COVID-free hospital zones could prevent cancer surgery complications, deaths: study

The results of an international study suggest that having “COVID-19-free” areas in hospitals could prevent tens of thousands of surgical patients from experiencing complications or death in Canada alone.

Researchers looked at data from 9,171 patients undergoing elective cancer surgery in 55 countries, including Canada, from the start of the coronavirus pandemic to the middle of April 2020, and discovered that complications and deaths after surgery were lower for patients whose treatment took place in so-called COVID-free areas.

At the same time, the study found only 27 per cent of patients were cared for in these protected areas.

“What that would mean is that patients coming in for surgery — whether it’s for their pre-admit screening or through the operating room and then travelling through to the recovery area or the intensive care unit or the recovery ward — it means that all of that full pathway needs to be free and separate from any contact with COVID,” explained Janet Martin of Western University in London, Ont.

“That means that it’s a very intentional COVID-free pathway specifically designed for surgical patients who we know are at higher risk of adverse events if they come in contact with COVID around the time of their surgery.”

Martin, who is part of the CovidSurg Collaborative involving researchers around the world, says having that pathway reduced risks by about half. According to the data, pulmonary complications for those in COVID-19-free zones were documented at rates of 2.2 per cent compared to 4.9 per cent otherwise, the rates of contracting COVID-19 around the time of surgery were 2.1 per cent versus 3.6 per cent, and the rates of death after surgery were 0.7 per cent compared to 1.7 per cent.

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“Because of that magnitude of reduction in risk, we’re suggesting that it is worth the time and the resources to intentionally set up this COVID-free pathway in order to spare that risk for our surgical patients.”

Martin noted that what resources are needed to create such a pathway would differ from hospital to hospital.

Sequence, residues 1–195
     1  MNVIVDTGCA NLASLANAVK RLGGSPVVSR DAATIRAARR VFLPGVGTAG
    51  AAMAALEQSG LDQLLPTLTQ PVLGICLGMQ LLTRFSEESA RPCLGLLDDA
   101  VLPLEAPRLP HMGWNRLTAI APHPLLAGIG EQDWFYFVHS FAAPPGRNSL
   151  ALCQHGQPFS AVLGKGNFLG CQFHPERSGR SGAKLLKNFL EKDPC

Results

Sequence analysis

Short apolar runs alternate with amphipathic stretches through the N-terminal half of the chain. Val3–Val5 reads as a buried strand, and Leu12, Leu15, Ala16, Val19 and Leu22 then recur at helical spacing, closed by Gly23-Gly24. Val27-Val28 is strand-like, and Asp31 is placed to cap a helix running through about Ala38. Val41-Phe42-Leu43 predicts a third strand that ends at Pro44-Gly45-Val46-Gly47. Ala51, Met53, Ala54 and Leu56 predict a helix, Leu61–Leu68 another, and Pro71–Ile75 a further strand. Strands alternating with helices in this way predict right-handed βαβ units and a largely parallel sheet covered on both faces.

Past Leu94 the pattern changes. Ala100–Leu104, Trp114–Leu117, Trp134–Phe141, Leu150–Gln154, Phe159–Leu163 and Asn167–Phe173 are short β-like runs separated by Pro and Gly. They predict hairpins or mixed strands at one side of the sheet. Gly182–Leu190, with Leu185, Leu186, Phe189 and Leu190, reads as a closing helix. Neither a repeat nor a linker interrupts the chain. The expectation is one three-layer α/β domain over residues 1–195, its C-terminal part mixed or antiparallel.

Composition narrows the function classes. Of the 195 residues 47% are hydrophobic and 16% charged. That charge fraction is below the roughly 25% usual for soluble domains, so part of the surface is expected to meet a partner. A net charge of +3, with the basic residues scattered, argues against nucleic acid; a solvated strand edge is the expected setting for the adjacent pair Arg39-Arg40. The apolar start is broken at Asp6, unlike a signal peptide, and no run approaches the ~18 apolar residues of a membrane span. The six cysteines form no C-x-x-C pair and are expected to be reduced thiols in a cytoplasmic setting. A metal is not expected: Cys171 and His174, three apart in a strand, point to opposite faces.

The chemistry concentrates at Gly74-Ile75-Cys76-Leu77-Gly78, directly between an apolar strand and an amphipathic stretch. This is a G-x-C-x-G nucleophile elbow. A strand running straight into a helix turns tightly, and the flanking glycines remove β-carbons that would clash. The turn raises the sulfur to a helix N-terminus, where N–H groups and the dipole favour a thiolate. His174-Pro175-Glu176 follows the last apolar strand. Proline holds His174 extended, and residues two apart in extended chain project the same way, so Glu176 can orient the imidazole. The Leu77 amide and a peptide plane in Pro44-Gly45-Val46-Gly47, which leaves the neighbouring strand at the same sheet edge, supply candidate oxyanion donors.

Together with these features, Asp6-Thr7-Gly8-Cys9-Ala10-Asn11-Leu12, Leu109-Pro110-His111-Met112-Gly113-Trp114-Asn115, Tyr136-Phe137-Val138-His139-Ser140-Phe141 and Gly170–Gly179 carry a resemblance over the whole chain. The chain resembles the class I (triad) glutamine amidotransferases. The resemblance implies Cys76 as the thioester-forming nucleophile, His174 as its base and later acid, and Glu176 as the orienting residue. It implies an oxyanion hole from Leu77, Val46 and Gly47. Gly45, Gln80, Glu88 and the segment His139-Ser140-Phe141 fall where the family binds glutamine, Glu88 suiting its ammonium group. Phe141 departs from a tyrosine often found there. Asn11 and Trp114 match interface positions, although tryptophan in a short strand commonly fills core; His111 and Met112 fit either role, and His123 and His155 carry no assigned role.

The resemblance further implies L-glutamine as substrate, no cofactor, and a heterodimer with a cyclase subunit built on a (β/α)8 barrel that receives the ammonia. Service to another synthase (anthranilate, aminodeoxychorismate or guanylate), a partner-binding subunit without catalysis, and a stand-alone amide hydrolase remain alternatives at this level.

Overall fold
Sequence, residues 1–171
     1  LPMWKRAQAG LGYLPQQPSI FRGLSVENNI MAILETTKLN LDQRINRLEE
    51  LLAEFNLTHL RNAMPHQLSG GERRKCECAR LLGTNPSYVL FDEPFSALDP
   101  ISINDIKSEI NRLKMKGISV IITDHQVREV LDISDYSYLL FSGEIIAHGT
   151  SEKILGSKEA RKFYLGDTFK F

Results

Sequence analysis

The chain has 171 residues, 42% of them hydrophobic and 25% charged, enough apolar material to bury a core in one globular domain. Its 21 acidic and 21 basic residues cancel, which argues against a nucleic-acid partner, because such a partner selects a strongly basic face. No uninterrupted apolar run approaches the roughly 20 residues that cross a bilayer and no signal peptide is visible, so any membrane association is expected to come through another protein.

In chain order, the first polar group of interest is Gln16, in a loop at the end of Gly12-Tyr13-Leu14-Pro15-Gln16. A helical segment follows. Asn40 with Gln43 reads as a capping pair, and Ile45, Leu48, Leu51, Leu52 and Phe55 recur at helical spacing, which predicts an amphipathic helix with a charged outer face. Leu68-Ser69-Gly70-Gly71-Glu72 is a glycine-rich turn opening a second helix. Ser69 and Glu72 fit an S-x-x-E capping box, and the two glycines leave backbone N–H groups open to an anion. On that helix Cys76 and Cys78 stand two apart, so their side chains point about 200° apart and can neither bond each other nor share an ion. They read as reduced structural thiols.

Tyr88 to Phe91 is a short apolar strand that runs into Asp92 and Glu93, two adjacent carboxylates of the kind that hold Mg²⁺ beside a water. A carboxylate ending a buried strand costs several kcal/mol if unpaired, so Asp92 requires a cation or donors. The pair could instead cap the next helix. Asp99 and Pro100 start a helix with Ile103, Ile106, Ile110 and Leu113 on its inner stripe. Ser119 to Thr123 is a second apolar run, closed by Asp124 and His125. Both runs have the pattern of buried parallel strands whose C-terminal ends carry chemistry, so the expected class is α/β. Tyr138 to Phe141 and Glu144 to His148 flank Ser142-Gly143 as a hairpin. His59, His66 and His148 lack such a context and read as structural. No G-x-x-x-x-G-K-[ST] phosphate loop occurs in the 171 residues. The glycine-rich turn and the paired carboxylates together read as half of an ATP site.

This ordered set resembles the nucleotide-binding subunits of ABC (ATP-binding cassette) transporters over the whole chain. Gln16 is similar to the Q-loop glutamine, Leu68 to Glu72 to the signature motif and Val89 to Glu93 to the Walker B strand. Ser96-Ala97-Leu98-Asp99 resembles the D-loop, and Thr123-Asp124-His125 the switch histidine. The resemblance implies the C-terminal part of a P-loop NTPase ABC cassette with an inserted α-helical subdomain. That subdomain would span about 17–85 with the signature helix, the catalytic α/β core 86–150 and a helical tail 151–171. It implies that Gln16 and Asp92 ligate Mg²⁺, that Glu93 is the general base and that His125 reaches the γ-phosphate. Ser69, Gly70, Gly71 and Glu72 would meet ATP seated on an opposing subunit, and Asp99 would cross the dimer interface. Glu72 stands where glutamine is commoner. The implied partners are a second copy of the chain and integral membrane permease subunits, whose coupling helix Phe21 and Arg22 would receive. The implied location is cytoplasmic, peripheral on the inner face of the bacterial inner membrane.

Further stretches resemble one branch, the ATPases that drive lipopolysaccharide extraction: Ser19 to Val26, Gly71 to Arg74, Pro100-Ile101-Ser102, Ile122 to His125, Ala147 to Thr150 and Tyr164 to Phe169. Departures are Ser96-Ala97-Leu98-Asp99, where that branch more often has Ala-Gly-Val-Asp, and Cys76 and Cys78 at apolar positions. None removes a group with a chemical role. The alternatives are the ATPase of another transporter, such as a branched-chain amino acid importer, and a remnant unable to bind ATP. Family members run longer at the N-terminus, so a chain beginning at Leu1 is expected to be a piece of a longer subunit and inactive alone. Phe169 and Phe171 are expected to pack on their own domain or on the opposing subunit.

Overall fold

“In this particular global study, the majority of the hospitals that achieve this COVID-free pathway had done it within the four walls of their hospital where they may also be treating COVID patients but they created a pathway that was COVID-free, separated either by existing barriers or temporary barriers put up so that there was no mixing of patients within the same hospital where COVID patients might be presenting to the emerge department or being treated in the wards or the ICU,” she explained.

“Now that this study has been released, there’s going to be quite a lot of activity in the coming days in order to clarify, how do you actually set up a COVID-free pathway in a hospital where COVID itself might be presenting? Very few hospitals or cities were able to separate COVID in one hospital vs. COVID-free in another hospital, which might be within the same city limits, but that was a less common scenario.”

Researchers say more than 300-million surgeries take place worldwide every year and having a COVID-19-free pathway in every hospital could prevent millions of serious complications and deaths.

The CovidSurg Collaborative is led by researchers at the University of Birmingham in the United Kingdom and consists of experts from over 130 countries.

“As health providers restart elective cancer surgery, they must look to protect cancer surgery patients from harm by investing in dedicated COVID-19 free hospital areas. These can be tailored to the resources available locally, ensuring patients treated for COVID-19 are not mixed with patients needing surgery,” said CovidSurg Collaborative lead Dr. Aneel Bhangu with the University of Birmingham.

The study involved adult patients undergoing elective surgery for a range of cancers including: bowel, esophagus, stomach, head and neck, lung, liver, pancreas, bladder, prostate, kidney, uterine, cervix, ovarian, breast, sarcoma and brain tumours.

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